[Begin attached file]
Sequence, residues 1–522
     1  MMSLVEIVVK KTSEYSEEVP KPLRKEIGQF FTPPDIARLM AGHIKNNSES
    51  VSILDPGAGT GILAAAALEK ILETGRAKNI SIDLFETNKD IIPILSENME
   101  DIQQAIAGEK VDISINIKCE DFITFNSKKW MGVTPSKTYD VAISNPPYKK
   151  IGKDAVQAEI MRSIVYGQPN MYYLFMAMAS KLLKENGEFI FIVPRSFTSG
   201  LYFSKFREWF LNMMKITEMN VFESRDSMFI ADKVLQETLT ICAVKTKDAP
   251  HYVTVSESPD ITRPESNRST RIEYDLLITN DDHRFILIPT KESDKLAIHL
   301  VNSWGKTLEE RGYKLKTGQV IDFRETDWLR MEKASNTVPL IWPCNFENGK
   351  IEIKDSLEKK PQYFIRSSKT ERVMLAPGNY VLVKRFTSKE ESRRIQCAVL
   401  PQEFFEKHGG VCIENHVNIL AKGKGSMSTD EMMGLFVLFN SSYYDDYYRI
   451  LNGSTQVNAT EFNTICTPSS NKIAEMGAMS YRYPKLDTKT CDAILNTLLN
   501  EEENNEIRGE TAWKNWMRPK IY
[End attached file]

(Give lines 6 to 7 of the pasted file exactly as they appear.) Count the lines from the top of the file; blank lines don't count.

   201  LYFSKFREWF LNMMKITEMN VFESRDSMFI ADKVLQETLT ICAVKTKDAP
   251  HYVTVSESPD ITRPESNRST RIEYDLLITN DDHRFILIPT KESDKLAIHL